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Indonesia jails two for Innospec bribery

Indonesia authorities said that as part of the global investigation into chemical maker Innospec Inc, two individuals were convicted and sentenced for bribery offenses.
A court in Jakarta convicted Suroso Atmomartoyo in late October, according to a case update posted by the UK Serious Fraud Office. The court sentenced him to five years in prison.

The former director of state-owned oil and gas giant Pertamina was found guilty of accepting bribes from PT Soegih Interjaya, which acted for Innospec.

Atmomartoyo took cash bribes of $190,000 and a paid visit to London as rewards for Pertaminia’s purchase of Innospec products.
Earlier this year, an Indonesia court sentenced Willy Sebastien Lim, the former owner of Innospec’s intermediary, PT Soegih Interjaya, to three years in prison for paying bribes.

Innospec’s British unit pleaded guilty in the UK in 2010 to bribing Pertamina employees. It paid $12.7 million in penalties to the SFO.

The SFO prosecuted four individuals for the bribery.

A jury in London in 2014 convicted Dennis Kerrison, a former Innospec chief executive, and Miltiades Papachristos, a former regional sales director, of conspiracy and bribery. They bribed Indonesian officials to buy Innospec’s gasoline additive — tetraethyl lead, also known as TEL.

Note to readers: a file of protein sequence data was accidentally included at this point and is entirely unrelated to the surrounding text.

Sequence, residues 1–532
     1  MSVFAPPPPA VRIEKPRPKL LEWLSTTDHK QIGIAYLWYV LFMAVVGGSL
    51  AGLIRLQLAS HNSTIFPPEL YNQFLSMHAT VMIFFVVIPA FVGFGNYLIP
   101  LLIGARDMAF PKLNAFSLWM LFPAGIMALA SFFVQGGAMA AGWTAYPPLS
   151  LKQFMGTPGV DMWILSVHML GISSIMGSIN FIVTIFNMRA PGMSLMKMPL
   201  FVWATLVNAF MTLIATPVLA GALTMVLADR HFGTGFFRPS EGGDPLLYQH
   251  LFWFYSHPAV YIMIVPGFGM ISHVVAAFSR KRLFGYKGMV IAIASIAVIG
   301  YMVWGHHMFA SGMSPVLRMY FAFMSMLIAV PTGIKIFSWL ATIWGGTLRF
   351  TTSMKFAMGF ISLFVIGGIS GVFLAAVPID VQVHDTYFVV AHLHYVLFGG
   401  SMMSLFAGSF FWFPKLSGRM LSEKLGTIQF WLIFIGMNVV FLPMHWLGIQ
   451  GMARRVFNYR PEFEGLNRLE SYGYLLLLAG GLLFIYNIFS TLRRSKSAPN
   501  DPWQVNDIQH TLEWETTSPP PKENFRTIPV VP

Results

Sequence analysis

TEL was known to be harmful to people while Innospec was still trying to sell it in less developed countries.

Kerrison was sentenced after appeals to three years in prison and Papachristos to 18 months.

Paul Jennings, the former CEO of Innospec’s UK operations, pleaded guilty in London in June 2011 to two counts of conspiracy to bribe officials in Indonesia and Iraq. He was sentenced to two years in prison.

David Turner, a former business director at Innospec, pleaded guilty in the UK to three counts of conspiracy to corrupt. He was given a 16-month suspended sentence.

In the United States, Delaware-based Innospec paid $27.5 million in 2010 to settle criminal and civil charges of violating the Foreign Corrupt Practices Act and defrauding the United Nations oil-for-food program.

Ousama Naaman, Innospec’s agent in Iraq, pleaded guilty in Washington, DC in June 2010 to conspiracy and substantive FCPA charges. The dual citizen of Canada and Lebanon was sentenced to 30 months in prison and has since been released.

Naaman settled SEC civil charges by paying about $1.2 million in disgorgement and penalties.

The SFO said in the case update that it worked closely with Indonesia’s Corruption Eradication Commission and shared evidence from a UK cooperating witness.

“The convictions in Indonesia bring this global case to a close,” the SFO said.


Richard L. Cassin is the publisher and editor of the FCPA Blog. He can be contacted here.

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